Over the years I have written several "book" or "booklets" and many, many, many newsletter and bulletin articles. Because the book market seeks writings to meet specific needs at specific times, my material has never been accepted. I have a tendency to write what is on my mind and so I am left with self publishing. So, with the encouragement from my wife and others, I am beginning this blog in order to put my "ramblings" "out there"! I hope you enjoy!
Please note that while my intentions are to use good grammar, because of the way in which some of the material presented here is presented (orally) the grammar and syntax might not always be the best English. Also note that good theology is not always presented in the best English so there may be times when the proper grammar rules are purposely broken.
Wednesday, March 16, 2016
Offertory and Preface for the Service of the Sacrament - Lent Midweek Six - March 16, 2016 - Text: Psalm 116:12-13, 17-19; Psalm 51:10-12
This year during the season of Lent and all the way through Easter morning we have been looking at the various parts of our Divine Worship Service and seeing how the various parts reflect God’s working in our lives; God’s giving His gifts to us, our being given to and our response of faith. The parts of the service we have skipped so far are confession and absolution which we will take up on Good Friday and the Lord’s Supper which we will take up on Maundy Thursday, the evening in which our Lord gave us His Holy Supper.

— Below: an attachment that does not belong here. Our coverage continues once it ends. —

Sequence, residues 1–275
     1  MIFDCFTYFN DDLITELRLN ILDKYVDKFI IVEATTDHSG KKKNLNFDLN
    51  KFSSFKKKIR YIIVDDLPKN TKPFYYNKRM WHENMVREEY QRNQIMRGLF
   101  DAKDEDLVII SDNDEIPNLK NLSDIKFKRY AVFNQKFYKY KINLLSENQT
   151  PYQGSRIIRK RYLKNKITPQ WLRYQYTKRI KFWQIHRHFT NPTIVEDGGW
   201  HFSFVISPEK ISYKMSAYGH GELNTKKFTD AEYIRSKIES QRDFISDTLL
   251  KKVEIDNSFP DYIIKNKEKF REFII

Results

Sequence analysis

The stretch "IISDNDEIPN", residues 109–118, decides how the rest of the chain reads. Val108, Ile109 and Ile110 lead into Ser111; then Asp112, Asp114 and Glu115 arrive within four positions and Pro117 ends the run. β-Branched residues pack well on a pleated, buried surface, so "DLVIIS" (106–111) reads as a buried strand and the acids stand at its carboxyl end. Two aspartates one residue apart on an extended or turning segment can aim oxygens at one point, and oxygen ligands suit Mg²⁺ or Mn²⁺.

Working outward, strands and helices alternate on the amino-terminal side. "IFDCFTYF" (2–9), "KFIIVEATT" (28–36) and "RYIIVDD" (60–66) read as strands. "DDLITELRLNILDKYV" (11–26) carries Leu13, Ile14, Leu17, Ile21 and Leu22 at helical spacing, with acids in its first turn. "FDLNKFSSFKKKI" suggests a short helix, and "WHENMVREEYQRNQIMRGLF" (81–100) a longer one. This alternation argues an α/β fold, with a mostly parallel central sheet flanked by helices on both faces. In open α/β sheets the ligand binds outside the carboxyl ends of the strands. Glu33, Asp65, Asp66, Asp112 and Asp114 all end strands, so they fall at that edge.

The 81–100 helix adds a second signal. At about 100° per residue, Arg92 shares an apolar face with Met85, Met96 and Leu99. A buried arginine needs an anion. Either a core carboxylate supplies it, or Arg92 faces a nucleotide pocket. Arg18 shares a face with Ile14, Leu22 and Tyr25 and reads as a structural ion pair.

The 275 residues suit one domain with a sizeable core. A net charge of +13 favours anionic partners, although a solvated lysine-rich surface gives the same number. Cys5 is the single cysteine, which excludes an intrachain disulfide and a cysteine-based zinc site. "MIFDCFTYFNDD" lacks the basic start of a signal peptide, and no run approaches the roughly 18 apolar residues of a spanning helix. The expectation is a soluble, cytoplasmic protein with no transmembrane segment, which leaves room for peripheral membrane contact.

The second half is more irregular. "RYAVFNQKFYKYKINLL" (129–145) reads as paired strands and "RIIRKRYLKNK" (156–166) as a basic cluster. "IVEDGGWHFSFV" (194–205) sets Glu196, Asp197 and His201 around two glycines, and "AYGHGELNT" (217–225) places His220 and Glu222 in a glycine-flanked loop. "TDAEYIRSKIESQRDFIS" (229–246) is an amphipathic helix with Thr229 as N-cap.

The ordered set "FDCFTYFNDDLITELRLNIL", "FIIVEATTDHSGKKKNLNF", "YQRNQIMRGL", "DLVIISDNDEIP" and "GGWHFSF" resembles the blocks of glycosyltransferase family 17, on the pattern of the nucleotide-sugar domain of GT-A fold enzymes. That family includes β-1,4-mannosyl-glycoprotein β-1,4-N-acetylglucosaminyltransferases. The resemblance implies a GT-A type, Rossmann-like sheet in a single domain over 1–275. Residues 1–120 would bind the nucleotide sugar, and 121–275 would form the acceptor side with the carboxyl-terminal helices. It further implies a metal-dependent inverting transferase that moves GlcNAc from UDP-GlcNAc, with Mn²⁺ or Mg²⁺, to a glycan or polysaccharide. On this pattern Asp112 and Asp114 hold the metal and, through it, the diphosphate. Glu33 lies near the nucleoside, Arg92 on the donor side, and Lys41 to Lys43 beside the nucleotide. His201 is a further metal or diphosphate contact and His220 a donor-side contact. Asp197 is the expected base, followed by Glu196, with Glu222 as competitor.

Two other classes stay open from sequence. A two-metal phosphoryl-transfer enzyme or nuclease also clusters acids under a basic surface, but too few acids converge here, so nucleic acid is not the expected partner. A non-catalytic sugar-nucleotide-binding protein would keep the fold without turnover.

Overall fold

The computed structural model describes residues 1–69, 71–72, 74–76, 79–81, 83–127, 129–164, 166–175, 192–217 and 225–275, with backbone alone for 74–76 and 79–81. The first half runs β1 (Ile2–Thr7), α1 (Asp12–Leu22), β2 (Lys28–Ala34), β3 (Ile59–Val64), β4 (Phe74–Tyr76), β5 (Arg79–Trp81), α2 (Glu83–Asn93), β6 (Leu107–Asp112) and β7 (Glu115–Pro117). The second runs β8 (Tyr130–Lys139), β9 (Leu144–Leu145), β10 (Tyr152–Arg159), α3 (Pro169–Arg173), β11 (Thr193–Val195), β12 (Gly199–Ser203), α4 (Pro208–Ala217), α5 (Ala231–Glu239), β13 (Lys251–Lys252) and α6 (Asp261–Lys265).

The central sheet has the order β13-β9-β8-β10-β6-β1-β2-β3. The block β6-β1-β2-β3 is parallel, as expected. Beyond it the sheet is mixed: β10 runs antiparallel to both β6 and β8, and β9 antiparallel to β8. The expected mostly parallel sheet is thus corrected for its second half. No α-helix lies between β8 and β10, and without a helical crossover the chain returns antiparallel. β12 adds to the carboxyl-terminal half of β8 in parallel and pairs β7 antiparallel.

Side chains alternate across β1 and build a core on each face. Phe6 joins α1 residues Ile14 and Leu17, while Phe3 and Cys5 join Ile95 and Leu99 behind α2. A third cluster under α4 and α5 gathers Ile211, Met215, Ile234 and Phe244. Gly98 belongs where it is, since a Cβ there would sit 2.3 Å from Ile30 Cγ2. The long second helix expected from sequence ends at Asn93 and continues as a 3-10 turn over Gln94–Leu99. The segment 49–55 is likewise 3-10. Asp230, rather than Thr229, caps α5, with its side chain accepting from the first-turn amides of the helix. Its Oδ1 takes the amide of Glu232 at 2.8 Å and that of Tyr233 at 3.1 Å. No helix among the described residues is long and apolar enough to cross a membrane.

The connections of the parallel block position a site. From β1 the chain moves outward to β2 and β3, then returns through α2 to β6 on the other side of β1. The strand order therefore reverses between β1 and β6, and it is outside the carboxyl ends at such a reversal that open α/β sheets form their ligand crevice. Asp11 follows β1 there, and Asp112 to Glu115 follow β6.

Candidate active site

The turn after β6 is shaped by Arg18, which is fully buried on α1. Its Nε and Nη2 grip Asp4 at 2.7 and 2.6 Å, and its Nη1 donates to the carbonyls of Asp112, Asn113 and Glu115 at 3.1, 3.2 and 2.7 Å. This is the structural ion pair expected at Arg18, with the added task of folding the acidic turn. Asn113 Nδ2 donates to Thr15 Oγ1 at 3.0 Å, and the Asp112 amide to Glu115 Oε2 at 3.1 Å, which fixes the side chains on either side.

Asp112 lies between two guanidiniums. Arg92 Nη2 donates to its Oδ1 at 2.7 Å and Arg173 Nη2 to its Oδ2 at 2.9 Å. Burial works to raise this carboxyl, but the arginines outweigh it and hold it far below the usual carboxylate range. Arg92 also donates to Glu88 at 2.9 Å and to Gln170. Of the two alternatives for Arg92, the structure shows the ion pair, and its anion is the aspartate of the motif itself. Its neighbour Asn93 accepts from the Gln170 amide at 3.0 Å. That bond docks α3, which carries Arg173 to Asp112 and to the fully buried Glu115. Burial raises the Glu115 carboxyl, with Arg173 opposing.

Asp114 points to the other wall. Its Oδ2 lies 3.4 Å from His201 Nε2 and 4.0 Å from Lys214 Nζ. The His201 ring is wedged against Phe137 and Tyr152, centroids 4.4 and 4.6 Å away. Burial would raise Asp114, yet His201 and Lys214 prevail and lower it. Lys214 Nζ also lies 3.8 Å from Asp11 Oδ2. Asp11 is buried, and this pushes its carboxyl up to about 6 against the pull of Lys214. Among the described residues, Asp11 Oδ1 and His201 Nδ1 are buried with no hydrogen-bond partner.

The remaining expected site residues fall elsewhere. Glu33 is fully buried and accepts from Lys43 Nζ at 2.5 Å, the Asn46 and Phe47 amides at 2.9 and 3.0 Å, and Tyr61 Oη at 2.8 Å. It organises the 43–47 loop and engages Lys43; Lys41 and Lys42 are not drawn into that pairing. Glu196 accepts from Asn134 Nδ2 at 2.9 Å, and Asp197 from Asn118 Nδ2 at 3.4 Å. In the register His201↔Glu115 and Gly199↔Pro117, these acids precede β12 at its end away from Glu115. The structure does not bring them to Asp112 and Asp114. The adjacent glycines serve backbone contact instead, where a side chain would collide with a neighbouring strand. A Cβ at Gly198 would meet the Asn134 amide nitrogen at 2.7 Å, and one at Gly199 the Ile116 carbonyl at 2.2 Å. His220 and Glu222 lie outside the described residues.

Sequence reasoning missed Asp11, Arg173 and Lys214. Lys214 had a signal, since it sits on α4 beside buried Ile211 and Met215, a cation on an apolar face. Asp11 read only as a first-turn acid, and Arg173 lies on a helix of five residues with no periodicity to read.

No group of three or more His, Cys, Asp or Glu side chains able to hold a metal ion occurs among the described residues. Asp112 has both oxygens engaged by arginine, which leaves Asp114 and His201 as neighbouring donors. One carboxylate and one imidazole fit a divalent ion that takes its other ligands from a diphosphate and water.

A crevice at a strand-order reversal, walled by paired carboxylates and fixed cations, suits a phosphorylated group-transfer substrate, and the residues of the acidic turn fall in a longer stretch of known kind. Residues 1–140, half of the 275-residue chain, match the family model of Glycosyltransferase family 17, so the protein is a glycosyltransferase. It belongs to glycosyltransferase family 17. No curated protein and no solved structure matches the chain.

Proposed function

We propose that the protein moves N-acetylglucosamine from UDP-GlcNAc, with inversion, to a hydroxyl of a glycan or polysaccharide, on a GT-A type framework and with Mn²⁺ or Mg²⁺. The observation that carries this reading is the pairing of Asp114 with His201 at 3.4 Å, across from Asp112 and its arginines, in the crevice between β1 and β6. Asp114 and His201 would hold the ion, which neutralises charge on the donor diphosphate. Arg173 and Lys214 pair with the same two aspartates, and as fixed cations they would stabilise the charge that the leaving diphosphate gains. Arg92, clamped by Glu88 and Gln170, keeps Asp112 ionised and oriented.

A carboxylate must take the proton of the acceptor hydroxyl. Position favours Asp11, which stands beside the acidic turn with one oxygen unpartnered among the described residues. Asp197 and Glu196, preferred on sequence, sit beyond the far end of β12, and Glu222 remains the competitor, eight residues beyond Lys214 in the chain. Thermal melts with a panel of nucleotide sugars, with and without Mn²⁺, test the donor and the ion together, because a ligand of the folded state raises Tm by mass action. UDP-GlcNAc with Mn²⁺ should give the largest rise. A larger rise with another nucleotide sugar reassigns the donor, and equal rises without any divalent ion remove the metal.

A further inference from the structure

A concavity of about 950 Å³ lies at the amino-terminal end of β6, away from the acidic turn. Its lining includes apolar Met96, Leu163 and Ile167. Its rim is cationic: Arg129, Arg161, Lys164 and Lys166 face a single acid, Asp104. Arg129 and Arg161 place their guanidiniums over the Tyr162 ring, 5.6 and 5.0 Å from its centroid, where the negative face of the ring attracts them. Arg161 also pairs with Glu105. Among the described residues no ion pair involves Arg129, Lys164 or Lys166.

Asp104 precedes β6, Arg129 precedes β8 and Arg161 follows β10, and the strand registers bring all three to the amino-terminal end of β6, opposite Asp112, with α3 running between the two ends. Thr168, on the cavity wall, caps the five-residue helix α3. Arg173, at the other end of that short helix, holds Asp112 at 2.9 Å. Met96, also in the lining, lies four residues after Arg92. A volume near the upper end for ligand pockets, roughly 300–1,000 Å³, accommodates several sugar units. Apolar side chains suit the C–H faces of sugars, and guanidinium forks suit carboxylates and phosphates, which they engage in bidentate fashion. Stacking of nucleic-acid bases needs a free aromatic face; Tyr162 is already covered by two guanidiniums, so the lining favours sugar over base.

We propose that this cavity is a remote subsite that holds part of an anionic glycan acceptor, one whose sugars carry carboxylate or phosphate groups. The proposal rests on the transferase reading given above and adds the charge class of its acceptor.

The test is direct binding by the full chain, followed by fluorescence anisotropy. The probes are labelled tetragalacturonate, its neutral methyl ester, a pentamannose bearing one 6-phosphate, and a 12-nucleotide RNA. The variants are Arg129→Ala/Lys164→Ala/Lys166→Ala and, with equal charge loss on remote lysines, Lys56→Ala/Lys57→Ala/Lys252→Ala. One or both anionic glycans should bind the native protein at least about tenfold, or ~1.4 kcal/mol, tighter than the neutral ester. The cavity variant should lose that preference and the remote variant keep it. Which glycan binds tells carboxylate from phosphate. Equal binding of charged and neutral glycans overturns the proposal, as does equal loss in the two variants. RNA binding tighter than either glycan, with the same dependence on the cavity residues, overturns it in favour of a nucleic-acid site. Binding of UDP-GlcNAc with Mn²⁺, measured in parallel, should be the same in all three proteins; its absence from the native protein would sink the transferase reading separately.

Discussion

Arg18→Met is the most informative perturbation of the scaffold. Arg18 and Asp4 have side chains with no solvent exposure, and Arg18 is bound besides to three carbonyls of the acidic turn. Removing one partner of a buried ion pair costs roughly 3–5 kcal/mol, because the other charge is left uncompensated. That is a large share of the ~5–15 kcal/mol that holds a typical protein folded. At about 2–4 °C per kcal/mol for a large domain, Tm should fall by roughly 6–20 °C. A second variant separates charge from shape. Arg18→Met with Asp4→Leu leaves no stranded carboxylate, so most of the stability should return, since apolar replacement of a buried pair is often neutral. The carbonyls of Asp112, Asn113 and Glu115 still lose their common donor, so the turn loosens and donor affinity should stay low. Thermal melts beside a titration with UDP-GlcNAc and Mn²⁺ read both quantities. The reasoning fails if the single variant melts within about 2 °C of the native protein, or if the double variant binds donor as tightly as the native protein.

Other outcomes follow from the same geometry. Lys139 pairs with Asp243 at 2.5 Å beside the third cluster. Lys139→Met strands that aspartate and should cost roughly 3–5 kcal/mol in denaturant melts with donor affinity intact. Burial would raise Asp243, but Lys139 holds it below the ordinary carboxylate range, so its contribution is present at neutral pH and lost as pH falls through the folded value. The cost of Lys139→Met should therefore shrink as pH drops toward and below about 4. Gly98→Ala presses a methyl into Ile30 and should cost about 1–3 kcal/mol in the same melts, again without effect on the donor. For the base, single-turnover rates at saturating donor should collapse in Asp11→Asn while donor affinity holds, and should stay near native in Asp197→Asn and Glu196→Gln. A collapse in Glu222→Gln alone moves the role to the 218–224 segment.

Last week we moved on in our divine service to our response to the Word of God we were given in the divine service, that Word of God which was read in the readings, the Old Testament, Epistle and Gospel readings and that Word of God we were given in the sermon, that is our response of our offering our prayers as well as our first fruit tithes to the Lord. We made note that it was because we have been given the gifts of God that we are moved to respond to those gifts and blessings by bringing our prayers. Indeed, just as it is the Gospel and not the law that moves us to confess our sins, that is it is because we know our sins are forgiven that we are moved to confess our sins, and not the fear of the law which would only lead us to self-righteousness or despair, so it is the word of Gospel we have just heard that moves us to bring our prayers and petitions before our Lord. It is because we have heard the Word of the Lord that our sins are forgiven and that our Lord has so much He desires to give to us that we respond with our prayers and petitions. Certainly our prayers and petitions include our offerings of thanks and praise, but also prayers seeking God’s strength, comfort and all the gifts He has to give. Also, our prayers are offered not because God does not know what we need, but because of our need to acknowledge God’s gifts to us, in other words, God already knows our needs, our real needs, we pray so that we might acknowledge before God our needs and desires. It is because we have heard the Word of the Gospel that we sing our hymns of praise and thanksgiving. Indeed we made note that the best hymns are those hymns which express our doctrine, that is what we believe, teach and confess. And we made note that the giving of our first fruit tithes is indeed a matter of faith. Our offerings are our response of faith and are a reflection of our faith. Unfortunately too many people do not understand what our offerings truly are, that is they are a response of faith and a reflection of our faith. It is this returning of a portion that is a reflection of our faith, because the portion we return reflects whether or not we first acknowledge that what we have has been first given to us by God and then it tests our faith as to whether or not we believe the Lord will continue to pour out on us so generously.